I must admit I feel a little silly talking about this learning and development trick that I discovered in high school, yet I feel compelled to share this with you because I just put it to good use again yesterday, while at my corporate workplace—and I’m in my fifties now. This is one of those things that’s so simple, it should be obvious. And it is… after you’ve experienced the effect firsthand. Are you curious?
I promise you, I couldn’t make this complicated if I tried: If you want to test, or perhaps enhance, your own understanding of a given thing, try explaining it to somebody else. Not to yourself, not in your head, but out loud. Explain it to another human being, to that person’s satisfaction. Conversely, if you want to help a family member, friend, or associate work through the same process, encourage them to explain it to you. You might be pleasantly surprised by the outcome.
Let me tell you how it worked in high school. I had this chemistry class scheduled immediately after my lunch period. It so happens that a buddy of mine had the same class and the same lunch period as me. Every time we had a chemistry quiz or test scheduled, I would walk into the cafeteria and find this poor guy sitting with his nose buried in his chemistry textbook, sweating bullets. He would sit there, turning the same pages over and over and looking as if he were about to go before a firing squad. I could get acid indigestion just watching him. So I woul reach out.
“What’s wrong, Louie?”
“This chemistry shit, I just don’t get it.”
“What part don’t you understand?”
“Well, how about this…”
I assure you I wasn’t baiting my friend, but he always took that question as a challenge to show me the hard parts of any given chapter of that chemistry book. Louie would ask me about various theories, rules, and equations. I didn’t always know the answer, either, but I would look at what he was pointing at in the book, give the matter a little thought, think about how to explain it in terms I knew Louie would understand, and then explain it to him, exactly that way.
Louie would smile and nod. Then he’d turn the page and shoot back, “But what about this?” I would repeat the same process, over and again, until Louie was satisfied or until the bell rang, signaling everyone to get moving again.
That’s how I learned chemistry. I spent my entire lunch period explaining the most difficult parts of every chapter to my friend—without missing a bite, I might add—and then proceeded to ace every chemistry quiz and test that followed.
Did Louie benefit from our sessions? I hope so, but he would likely have been better off had he been the one doing all that talking.
Me? I thought I was just good at chemistry. Now I know better. Oh, had I known then what I know now! Right?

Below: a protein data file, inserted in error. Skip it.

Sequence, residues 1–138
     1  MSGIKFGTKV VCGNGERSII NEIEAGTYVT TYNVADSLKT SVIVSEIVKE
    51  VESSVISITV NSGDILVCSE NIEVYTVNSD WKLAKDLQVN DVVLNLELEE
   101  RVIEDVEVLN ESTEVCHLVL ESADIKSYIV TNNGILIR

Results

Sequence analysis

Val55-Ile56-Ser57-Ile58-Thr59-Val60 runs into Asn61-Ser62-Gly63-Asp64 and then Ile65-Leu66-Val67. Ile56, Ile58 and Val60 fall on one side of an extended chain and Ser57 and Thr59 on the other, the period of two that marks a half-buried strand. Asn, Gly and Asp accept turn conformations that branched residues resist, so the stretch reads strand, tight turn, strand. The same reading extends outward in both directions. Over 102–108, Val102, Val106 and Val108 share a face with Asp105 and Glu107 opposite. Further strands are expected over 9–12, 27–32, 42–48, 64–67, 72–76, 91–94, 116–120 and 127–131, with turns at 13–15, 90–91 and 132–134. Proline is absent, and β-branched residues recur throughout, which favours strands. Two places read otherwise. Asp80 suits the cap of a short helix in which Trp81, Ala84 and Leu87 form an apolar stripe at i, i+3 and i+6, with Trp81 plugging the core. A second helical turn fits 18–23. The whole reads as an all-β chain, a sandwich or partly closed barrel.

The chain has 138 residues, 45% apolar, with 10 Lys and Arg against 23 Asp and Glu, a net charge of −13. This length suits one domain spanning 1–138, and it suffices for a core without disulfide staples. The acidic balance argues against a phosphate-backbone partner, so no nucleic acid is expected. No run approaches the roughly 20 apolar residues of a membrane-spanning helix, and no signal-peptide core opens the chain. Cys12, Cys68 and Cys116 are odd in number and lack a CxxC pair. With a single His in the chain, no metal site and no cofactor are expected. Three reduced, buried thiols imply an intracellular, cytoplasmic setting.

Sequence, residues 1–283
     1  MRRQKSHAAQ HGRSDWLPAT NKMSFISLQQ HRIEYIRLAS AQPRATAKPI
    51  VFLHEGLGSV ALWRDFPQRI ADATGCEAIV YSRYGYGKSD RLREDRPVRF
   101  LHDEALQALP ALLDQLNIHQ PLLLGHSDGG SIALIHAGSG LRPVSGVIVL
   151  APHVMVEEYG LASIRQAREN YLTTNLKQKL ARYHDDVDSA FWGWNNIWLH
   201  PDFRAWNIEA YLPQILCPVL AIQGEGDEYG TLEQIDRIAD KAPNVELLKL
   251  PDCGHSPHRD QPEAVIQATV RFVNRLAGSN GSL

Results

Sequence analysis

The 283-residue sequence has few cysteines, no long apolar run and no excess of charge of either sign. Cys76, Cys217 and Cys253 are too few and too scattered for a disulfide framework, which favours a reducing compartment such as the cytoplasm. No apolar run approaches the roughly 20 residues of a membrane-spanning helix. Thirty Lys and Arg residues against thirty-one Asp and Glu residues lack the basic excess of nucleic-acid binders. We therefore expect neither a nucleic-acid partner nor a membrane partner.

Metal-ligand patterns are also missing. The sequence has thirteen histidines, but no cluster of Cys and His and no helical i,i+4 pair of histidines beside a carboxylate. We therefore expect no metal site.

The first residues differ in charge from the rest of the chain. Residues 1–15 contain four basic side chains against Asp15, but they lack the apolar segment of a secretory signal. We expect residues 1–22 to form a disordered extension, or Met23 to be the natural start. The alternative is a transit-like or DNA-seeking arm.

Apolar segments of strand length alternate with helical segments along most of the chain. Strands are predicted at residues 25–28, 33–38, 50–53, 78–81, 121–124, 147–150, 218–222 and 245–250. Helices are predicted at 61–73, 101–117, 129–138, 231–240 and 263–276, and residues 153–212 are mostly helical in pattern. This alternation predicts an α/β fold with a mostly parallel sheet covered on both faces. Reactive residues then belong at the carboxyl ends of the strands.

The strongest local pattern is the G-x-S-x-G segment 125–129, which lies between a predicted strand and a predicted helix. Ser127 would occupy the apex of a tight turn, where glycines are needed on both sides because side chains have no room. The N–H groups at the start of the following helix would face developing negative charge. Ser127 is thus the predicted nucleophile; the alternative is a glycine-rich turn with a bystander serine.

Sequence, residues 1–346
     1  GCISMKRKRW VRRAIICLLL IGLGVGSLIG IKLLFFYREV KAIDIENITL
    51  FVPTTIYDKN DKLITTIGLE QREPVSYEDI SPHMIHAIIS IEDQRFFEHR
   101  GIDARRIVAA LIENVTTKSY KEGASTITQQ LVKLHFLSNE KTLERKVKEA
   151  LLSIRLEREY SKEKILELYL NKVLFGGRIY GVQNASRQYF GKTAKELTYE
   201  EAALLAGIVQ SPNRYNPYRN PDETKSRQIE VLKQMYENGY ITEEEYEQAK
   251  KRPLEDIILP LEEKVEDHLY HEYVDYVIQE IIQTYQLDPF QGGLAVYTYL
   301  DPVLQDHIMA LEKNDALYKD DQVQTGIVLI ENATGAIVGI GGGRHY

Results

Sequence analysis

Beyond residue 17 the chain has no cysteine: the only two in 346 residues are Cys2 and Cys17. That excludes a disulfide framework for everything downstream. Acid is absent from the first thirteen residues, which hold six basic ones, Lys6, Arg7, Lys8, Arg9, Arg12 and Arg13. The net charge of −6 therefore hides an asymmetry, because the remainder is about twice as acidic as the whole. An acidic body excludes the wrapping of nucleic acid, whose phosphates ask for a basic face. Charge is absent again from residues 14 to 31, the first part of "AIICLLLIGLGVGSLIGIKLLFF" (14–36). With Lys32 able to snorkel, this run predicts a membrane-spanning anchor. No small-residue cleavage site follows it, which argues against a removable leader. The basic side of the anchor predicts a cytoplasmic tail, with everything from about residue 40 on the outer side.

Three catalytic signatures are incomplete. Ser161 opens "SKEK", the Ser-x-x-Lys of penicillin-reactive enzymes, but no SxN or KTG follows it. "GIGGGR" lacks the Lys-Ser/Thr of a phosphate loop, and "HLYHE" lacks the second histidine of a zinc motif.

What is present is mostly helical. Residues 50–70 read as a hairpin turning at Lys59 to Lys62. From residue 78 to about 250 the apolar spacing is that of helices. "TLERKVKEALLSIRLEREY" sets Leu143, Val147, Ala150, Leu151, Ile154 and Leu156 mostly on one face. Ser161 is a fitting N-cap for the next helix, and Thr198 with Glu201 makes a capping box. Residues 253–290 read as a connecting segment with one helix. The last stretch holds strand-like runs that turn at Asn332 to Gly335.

Yesterday I had finished developing a proposal for a potential new customer and while everything looked fine to me, I know that at times I can be my own worst proofreader. So I asked an associate to review my work. But rather than just email the documents and hope for the best, I opened them on a large display and asked my colleague to let me walk him through my steps.
In this particular case, the same process, more or less, yielded a different benefit. Neither of us was learning new concepts, yet by explaining the details of my work aloud to someone not directly involved, I was able to perceive my own work with the added dimension of unfamiliar eyes. And in the process, I saw things that I would not otherwise have seen.
“And this is where we define the duration of services. but I think there may be a better way to sync this up with Exhibit A…”
Synergy! Would my associates have seen that opportunity on their own? No more likely than I would have been, had I reviewed my own work in silence.
I can recall times long ago, when my own kids would be struggling with a subject in school. Sometimes it would help to let them talk in detail about the subject or the issue. They are adults now, as am I, and there are times when each of us may still benefit from the same approach.
This may be a rather wild analogy, but I was once told that in the Catholic rite of exorcism, a point is reached at which the exorcism may not proceed until the demon’s name is known. Then again, if you have ever been faced with the task of correcting an error hidden deep within a string of algebraic equations, or of finding that subtle flaw within many pages of a service agreement, perhaps the analogy isn’t so far-fetched after all.
Whether teaching ones self a new concept, perfecting ones approach to a potential new customer, or overcoming a stumbling block to better understanding, sometimes the key is to talk it out. Or to put his in ancient terms, if you can name it, you can conquer it.